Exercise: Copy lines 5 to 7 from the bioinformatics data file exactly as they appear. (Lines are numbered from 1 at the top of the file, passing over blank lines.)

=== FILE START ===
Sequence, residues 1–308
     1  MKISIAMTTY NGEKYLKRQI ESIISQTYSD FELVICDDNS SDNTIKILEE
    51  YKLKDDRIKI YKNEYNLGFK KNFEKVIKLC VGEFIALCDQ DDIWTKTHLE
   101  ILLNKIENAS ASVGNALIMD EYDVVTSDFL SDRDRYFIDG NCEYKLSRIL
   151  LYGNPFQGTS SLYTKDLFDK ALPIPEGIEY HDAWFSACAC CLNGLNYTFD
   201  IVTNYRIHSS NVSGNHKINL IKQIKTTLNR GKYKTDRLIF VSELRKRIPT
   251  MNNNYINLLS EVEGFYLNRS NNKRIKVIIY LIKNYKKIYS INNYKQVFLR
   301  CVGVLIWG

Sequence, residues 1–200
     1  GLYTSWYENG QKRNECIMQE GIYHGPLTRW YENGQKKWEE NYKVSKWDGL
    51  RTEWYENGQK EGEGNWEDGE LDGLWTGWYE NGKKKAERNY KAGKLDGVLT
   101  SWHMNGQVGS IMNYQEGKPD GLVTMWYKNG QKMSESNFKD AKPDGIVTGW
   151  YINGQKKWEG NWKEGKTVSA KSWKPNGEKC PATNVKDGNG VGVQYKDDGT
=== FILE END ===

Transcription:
   151  LYGNPFQGTS SLYTKDLFDK ALPIPEGIEY HDAWFSACAC CLNGLNYTFD
   201  IVTNYRIHSS NVSGNHKINL IKQIKTTLNR GKYKTDRLIF VSELRKRIPT
   251  MNNNYINLLS EVEGFYLNRS NNKRIKVIIY LIKNYKKIYS INNYKQVFLR